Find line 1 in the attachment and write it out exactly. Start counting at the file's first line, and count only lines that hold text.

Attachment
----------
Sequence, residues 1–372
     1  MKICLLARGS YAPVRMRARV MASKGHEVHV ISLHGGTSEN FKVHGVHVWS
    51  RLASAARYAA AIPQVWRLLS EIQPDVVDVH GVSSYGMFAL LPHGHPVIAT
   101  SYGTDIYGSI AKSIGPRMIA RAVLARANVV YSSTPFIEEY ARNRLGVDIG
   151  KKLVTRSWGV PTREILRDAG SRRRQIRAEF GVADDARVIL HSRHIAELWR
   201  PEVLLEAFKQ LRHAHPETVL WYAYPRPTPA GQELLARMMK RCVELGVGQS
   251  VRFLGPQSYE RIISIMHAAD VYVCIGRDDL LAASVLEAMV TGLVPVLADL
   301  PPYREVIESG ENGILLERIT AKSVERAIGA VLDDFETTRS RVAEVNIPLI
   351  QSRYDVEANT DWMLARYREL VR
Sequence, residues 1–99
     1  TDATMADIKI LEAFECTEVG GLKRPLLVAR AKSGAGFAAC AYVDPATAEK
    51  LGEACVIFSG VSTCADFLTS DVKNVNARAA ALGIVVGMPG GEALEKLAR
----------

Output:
Sequence, residues 1–372